With mere politicians I have no right to expect to succeed in this motion. But I have no hesitation in telling you that, if you give me a committee of this House, I will explode the delusion of agricultural protection! I will bring forward such a mass of evidence, and give you such a preponderance of talent and of authority, that when the blue book is published and sent forth to the world, as we can now send it, by our vehicles of information, your system of protection shall not live in public opinion for two years afterward. Politicians do not want that. This cry of protection has been a very convenient handle for politicians. The cry of protection carried the counties at the last election, and politicians gained honours, emoluments, and place by it. But is that old tattered flag of protection, tarnished and torn as it is already, to be kept hoisted still in the counties for the benefit of politicians; or will you come forward honestly and fairly to inquire into this question? I can not believe that the gentry of England will be made mere drumheads to be sounded upon by a prime minister to give forth unmeaning and empty sounds, and to have no articulate voice of their own. No! You are the gentry of England who represent the counties. You are the aristocracy of England. Your fathers led our fathers; you may lead us if you will go the right way. But, altho you have retained your influence with this country longer than any other aristocracy, it has not been by opposing popular opinion, or by setting yourselves against the spirit of the age.

In other days, when the battle and the hunting-fields were the tests of manly vigor, your fathers were first and foremost there. The aristocracy of England were not like the noblesse of France, the mere minions of a court; nor were they like the hidalgos of Madrid, who dwindled into pigmies. You have been Englishmen. You have not shown a want of courage and firmness when any call has been made upon you. This is a new era. It is the age of improvement; it is the age of social advancement, not the age for war or for feudal sports. You live in a mercantile age, when the whole wealth of the world is poured into your lap. You can not have the advantages of commercial rents and feudal privileges; but you may be what you always have been, if you will identify yourselves with the spirit of the age. The English people look to the gentry and aristocracy of their country as their leaders. I, who am not one of you, have no hesitation in telling you that there is a deep-rooted, an hereditary prejudice, if I may so call it, in your favour in this country. But you never got it, and you will not keep it, by obstructing the spirit of the age. If you are indifferent to enlightened means of finding employment to your own peasantry; if you are found obstructing that advance which is calculated to knit nations more together in the bonds of peace by means of commercial intercourse; if you are found fighting against the discoveries which have almost given breath and life to material nature, and setting up yourselves as obstructives of that which destiny has decreed shall go on,—why, then, you will be the gentry of England no longer, and others will be found to take your place.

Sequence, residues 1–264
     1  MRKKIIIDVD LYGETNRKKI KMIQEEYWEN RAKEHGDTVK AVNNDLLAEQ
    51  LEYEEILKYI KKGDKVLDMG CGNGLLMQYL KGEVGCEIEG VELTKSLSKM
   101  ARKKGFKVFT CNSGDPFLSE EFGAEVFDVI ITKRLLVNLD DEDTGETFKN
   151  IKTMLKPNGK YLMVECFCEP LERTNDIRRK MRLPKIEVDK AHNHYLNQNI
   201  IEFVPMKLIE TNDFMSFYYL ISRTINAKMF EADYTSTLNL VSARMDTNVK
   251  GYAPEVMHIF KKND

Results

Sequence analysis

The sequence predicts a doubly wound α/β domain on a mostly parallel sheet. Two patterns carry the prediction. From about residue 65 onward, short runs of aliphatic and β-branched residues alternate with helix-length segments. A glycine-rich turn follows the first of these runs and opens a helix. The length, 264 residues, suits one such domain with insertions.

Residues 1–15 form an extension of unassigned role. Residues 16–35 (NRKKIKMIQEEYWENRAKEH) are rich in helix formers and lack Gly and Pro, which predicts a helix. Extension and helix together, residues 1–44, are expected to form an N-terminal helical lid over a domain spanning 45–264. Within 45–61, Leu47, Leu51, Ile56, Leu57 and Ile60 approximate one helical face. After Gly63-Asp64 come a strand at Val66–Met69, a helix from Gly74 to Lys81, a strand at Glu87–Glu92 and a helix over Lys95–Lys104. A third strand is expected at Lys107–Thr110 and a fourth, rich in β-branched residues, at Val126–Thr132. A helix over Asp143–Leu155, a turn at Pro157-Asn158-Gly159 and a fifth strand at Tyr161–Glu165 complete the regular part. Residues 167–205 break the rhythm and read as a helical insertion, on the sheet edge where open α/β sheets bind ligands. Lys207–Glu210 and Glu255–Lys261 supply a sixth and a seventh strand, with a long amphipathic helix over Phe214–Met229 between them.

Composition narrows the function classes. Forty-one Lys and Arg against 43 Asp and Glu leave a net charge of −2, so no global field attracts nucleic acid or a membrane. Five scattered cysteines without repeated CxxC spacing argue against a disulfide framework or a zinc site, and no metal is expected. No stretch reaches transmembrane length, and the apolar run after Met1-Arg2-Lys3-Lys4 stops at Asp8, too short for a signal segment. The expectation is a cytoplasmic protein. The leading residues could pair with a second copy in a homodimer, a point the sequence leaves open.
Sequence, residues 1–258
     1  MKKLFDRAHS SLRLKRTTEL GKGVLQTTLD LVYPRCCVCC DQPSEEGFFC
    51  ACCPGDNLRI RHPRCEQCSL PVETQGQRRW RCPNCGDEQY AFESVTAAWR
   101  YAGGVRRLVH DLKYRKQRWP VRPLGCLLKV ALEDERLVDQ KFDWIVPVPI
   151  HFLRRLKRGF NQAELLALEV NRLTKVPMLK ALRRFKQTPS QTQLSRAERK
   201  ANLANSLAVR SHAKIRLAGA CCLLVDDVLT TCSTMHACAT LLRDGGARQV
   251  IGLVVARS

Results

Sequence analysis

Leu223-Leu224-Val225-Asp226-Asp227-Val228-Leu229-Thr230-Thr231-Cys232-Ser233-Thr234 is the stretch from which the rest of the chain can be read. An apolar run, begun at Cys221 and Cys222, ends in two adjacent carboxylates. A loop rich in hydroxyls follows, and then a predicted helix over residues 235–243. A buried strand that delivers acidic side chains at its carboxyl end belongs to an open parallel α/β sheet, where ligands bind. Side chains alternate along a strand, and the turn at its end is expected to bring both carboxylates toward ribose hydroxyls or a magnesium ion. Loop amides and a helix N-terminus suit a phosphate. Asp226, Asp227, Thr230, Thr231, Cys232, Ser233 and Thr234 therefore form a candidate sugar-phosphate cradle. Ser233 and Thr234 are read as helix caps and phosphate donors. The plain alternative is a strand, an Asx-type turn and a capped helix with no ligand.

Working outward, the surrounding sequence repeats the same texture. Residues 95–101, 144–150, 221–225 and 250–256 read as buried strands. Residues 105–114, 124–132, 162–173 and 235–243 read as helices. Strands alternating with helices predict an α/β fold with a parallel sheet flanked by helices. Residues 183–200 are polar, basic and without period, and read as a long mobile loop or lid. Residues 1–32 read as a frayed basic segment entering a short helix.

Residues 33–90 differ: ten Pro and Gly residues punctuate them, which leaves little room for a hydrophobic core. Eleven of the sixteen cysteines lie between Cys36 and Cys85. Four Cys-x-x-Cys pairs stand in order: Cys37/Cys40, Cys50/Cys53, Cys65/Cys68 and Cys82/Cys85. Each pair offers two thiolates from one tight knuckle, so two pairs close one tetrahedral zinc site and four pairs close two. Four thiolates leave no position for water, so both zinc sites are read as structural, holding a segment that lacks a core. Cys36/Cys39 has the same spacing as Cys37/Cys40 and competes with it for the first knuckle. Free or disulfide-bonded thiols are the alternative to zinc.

And I have no hesitation in saying that you stand just now in a very critical position. There is a wide-spread suspicion that you have been tampering with the best feelings and with the honest confidence of your constituents in this cause. Everywhere you are doubted and suspected. Read your own organs, and you will see that this is the case. Well, then, this is the time to show that you are not the mere party politicians which you are said to be. I have said that we shall be opposed in this measure by politicians; they do not want inquiry. But I ask you to go into this committee with me. I will give you a majority of county members. You shall have a majority of the Central Society in that committee. I ask you only to go into a fair inquiry as to the causes of the distress of your own population. I only ask that this matter may be fairly examined. Whether you establish my principle or yours, good will come out of the inquiry; and I do, therefore, beg and entreat the honourable independent country gentlemen of this House that they will not refuse, on this occasion, to go into a fair, a full, and an impartial inquiry.”